MANILA – The Philippines’ resignation as member of the International Criminal Court (ICC) will cause serious harm to its reputation and standing in the world stage.
So say various legal experts, who pointed out that the exit gives the impression that the country is unable to meet its legal obligations to the community of nations.
The Philippines announced its intention to leave the ICC last year. Last week, that exit became final.
The Duterte administration took the big step of leaving the court which had begun to probe the killings of thousands of Filipinos as a result of the government’s anti-drug war. However, the court will continue its probe on the killings which took place when the Philippines was still an ICC member, according to prosecutor FatouBensouda.
The ICC’s “independent and impartial preliminary examination into the situation in the Philippines continues,” Bensouda said in a statement to media on Tuesday, March 19.
Among others, the spectre of the country losing millions of dollars in foreign aid because of its withdrawal from ICC was raised by Rep. Gary Alejano.
Furthermore, the possibility of an increase in human rights abuses in the Philippines could result in the exit, according to Gilbert Andres, counsel for the Philippine Coalition for International Criminal Court.
“One cannot invoke now the parallel means provided for in the ICC for an effective remedy against international crimes, “ he said.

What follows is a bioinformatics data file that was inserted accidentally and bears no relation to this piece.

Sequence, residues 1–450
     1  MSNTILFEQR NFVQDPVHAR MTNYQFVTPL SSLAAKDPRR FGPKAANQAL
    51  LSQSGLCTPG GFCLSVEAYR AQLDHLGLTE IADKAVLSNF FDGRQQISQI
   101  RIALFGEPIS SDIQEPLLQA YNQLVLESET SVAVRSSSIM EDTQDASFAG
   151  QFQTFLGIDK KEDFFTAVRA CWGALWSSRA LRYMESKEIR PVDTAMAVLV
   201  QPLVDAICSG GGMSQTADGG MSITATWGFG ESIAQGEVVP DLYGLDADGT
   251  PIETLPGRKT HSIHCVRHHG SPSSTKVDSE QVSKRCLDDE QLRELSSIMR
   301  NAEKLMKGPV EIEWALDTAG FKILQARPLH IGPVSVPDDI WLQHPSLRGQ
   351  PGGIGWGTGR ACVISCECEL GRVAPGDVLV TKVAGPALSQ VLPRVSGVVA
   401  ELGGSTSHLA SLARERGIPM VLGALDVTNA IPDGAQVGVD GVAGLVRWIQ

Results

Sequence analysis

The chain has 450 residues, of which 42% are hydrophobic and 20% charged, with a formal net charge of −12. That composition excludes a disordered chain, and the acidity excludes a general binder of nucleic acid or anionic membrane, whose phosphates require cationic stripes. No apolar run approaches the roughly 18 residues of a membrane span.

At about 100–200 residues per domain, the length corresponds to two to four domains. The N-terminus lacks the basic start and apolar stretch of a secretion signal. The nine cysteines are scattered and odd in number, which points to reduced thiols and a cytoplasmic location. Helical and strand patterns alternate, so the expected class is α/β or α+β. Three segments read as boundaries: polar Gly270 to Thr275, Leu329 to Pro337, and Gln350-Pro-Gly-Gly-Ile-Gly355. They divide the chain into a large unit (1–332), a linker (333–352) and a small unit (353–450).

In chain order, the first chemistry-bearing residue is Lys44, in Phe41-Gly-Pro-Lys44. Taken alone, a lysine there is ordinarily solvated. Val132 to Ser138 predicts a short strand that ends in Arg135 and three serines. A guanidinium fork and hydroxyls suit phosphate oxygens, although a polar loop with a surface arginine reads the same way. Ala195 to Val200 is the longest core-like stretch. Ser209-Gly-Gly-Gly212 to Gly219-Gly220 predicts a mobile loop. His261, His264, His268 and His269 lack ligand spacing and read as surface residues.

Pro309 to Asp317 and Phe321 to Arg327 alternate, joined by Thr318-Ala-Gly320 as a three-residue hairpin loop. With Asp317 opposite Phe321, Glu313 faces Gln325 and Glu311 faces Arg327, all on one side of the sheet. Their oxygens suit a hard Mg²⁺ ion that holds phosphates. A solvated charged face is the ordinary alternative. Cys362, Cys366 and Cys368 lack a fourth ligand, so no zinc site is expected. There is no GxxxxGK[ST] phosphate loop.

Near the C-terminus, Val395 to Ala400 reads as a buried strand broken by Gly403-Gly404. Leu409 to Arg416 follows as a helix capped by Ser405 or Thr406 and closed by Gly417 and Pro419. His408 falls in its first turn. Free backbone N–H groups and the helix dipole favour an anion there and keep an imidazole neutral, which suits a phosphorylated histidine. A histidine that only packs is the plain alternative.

Another congressman, Ariel Casilao, said the Duterte regime left the ICC because “it is guilty of murdering its own constituents, particularly the marginalized sectors.”
Senator RizaHontiveros said, “the country’s exit from the ICC is an act to defend not Philippine sovereignty but the climate of killing and impunity in the country.” She added that it was a step back from the country’s commitment to global treaty obligations on human rights and democracy.
For its part, Malacanang said that the country’s withdrawal from the court was not a big issue.
“The sky has not fallen and the sun still rises in the east,” presidential spokesman Salvador Panelo said the day after the withdrawal took effect on Sunday, March 17.
Oddly enough, despite the highly publicized announcement of the Philippines’ exit from the international court, Panelo said that the country was never really a member of the ICC in the first place.
This is because the treaty that the government signed in 2011 was never published in the Official Gazette or in a newspaper of general circulation.
A UN-sanctioned body, the Philippines is only the second country to withdraw from the ICC, with the other being the African state of Burundi.